c2FuncP
      c2FuncDavidM
      c3FuncP
      c3FuncDavidM
      c4FuncP
      c4FuncDavidM
      c5FuncP
      c5FuncDavidM
      c6FuncP
      c6FuncDavidM
      cFuncP
      cFuncDavidM
      timeListP
      timeListDavidM
      posCheckedListP
      posCheckedListDavidM
      listGenFunc
      inputListGenC1
      inputListGenC2
      inputListGenC3
      inputListGenC4
      inputListGenC5
      inputListGenC6
      \<<
        inputListGenC6 'listGenFunc' STO
        c6FuncP 'cFuncP' STO
        c6FuncDavidM 'cFuncDavidM' STO
      
        1 iterations
        START
          listGenFunc EVAL 'inputList' STO
          
          inputList cFuncP TEVAL
          @collect the timing
          OBJ\-> DROP
          'timeListP' SWAP STO+
          @ collect the pos checked.
          'posCheckedListP' SWAP STO+
          
          inputList cFuncDavidM TEVAL
          @collect the timing
          OBJ\-> DROP
          'timeListDavidM' SWAP STO+
          @ collect the pos checked.
          'posCheckedListDavidM' SWAP STO+
        NEXT
        
        timeListP
        posCheckedListP
        timeListDavidM
        posCheckedListDavidM
      \>>
    \>>

Now in the input functions, like inputListGenC6, I have to use a compiled variable otherwise the value of "listSize" is not recalled as I think.

For example in \<< \<-listSize c6listGen \>> the behavior when I use a plain "listSize" (instead of the compiled variable) is the following: listSize is saved as 'listSize' in the variable listSizeV of the c6listGen routine. Then in the routine:

\<< n \>> 'n' 1 listSizeV 1 SEQ
works.

While
listSizeV 2 *
returns the algebraic object 'listSize*2'

I thought that variables were properly seen by subprograms in a program, in this case I mean \<< listSize c6listGen \>> should see the value of the variable.
So I thought a compiled variable should not be necessary but so far I don't see a workaround (and I was lucky that so far all the other input functions worked without compiled variables, using only "listSize", that then got changed in compiled variable for challenge 6)

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04-28-2017, 08:53 PM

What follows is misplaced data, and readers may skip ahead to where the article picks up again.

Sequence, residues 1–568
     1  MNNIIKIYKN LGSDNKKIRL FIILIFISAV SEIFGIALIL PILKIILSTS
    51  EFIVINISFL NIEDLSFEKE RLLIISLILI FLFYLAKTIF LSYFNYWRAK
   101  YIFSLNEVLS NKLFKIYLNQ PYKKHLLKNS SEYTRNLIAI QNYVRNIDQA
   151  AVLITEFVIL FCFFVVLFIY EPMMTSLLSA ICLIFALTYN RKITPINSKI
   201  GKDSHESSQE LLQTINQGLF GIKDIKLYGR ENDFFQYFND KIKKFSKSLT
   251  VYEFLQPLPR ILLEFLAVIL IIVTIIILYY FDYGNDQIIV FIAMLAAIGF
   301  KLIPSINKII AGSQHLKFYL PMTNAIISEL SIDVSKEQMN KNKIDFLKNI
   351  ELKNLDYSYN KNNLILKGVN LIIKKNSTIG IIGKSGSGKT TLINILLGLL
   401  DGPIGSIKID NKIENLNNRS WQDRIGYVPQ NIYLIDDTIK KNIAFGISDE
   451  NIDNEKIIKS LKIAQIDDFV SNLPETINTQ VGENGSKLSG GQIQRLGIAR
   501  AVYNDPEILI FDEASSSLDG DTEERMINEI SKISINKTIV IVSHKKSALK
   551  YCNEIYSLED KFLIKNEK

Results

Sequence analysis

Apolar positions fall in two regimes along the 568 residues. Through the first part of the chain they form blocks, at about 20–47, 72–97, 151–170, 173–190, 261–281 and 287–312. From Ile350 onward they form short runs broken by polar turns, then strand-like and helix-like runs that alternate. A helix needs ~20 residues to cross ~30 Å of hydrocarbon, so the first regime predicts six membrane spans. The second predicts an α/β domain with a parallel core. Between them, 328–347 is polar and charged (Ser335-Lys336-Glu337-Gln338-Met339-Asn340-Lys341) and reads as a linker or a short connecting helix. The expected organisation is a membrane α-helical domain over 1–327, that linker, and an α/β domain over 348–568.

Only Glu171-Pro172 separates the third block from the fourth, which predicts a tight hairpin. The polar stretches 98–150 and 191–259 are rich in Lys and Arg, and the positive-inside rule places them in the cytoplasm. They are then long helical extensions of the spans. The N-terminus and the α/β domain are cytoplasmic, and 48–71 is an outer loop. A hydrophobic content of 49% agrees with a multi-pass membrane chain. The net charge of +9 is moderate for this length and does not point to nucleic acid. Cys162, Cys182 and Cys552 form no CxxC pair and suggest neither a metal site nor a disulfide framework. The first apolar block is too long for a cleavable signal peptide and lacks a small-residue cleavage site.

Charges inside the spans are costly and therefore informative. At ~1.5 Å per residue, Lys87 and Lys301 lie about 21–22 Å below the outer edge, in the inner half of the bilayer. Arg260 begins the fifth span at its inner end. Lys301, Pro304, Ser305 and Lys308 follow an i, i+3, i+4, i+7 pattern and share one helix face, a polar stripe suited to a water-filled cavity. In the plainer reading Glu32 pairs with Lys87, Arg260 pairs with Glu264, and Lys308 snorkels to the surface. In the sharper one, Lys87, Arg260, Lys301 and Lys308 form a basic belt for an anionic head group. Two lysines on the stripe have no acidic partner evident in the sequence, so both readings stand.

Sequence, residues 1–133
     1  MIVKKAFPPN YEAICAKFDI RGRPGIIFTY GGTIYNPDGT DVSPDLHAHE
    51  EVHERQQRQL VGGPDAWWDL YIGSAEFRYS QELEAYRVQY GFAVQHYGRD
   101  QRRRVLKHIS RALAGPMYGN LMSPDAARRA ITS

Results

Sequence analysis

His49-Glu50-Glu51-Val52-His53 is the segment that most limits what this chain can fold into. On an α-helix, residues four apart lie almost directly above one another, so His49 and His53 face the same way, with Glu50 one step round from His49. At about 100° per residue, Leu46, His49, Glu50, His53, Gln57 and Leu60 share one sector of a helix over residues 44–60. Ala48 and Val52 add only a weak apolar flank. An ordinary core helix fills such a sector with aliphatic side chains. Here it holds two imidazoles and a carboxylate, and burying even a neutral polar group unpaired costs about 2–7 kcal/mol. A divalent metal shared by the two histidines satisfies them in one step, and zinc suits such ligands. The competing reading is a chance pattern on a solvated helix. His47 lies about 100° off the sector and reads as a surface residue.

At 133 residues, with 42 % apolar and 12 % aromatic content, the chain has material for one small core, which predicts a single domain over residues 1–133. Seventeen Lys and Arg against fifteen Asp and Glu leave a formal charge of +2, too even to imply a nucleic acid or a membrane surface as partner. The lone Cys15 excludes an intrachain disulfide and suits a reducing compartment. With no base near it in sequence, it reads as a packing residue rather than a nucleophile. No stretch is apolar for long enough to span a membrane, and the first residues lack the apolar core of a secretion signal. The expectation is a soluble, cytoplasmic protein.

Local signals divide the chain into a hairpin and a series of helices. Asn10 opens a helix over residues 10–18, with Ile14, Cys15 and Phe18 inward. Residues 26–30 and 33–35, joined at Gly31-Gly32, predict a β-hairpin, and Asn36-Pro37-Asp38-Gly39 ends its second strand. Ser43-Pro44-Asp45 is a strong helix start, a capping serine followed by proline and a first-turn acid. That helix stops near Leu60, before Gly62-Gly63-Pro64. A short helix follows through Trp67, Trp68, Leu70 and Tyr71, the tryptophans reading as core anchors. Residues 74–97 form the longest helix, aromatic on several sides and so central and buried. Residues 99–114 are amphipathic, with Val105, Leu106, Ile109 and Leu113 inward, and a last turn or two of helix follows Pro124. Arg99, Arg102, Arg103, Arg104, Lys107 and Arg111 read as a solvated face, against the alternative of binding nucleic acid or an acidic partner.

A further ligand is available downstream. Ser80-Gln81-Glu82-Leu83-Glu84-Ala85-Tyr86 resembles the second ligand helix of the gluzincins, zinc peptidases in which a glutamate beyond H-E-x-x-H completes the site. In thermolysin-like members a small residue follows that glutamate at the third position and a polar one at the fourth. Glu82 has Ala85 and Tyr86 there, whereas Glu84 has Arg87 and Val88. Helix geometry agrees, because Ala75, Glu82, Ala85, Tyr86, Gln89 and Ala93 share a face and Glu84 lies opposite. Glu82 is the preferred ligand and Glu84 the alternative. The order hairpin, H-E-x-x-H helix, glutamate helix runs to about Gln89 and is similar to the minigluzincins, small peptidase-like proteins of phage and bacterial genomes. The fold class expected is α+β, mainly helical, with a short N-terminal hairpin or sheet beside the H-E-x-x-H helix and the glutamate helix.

Post: #57
RE: Programming puzzles: processing lists!
(04-28-2017 03:40 PM)pier4r Wrote:  I have problems with this one [#6]... At the end one has \GSLIST that seems not to work when the list to sum is {1. } (I have approximate mode on, and at first I run tests with 10 elements, not 100, to see if I did everything correctly)

Could you confirm?

I can definitely confirm -- you have provided perfectly legitimate input to the program and the approach I used simply doesn't work for that case. It actually falls apart in two separate ways, and I should have remembered both situations as I have hit upon both of them before. Specifically:

1) DOSUBS normally provides a list as its result, EXCEPT for when that list would be empty. In that situation, it doesn't return anything at all. While I disagree with how it works (I think it should return an empty list instead), this isn't the first time I've hit on this issue and I should have remembered it. Ouch. I need to take another look at how I do that first step to address it. It may also be an issue for some of my other submissions.

2) Yes, ΣLIST needs a list of at least 2 elements. I've run into this one before as well. Like I said, I need more practice with list processing on this platform! I think you've hit on the easiest patch for this (adding a 0).

(04-28-2017 03:40 PM)pier4r Wrote:  You #3 is very fast!

It is, because SUB on a list is very efficient. It really doesn't have to do much. The other challenges that I used SUB for will probably be very fast as well. If I didn't make some other silly mistake! Smile

(04-28-2017 03:40 PM)pier4r Wrote:  Side question.
[lots of code...]

Haven't spent a lot of time looking at this just yet, but my suspicion is that the issue has to do with which variables are already defined and which aren't when the code is parsed.

In your supplied code, you are referencing listSize in the program provided to the local var before the var has actually been created (it is created when the → step is executed). At that point, it is simply assumed to be a var name instead of the var itself (since it hasn't actually been created yet). That's probably why it shows up as 'listSize' instead of listSize when the code is run -- it wasn't a known variable when the code was compiled.
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04-28-2017, 09:51 PM (This post was last modified: 05-02-2017 06:33 AM by pier4r.)
Post: #58
RE: Programming puzzles: processing lists!
@DavidM: thanks for the answer, and yes I created this challenge also to force myself to think more in terms of list operations, that seems pretty optimized (at least, avoiding MAP) although, as you said, sometimes seems to return or complain for counterintuitive reasons. The point about the "variable not yet local" makes a lot of sense, but why then it works for the first 5 inputs, maybe it is luck.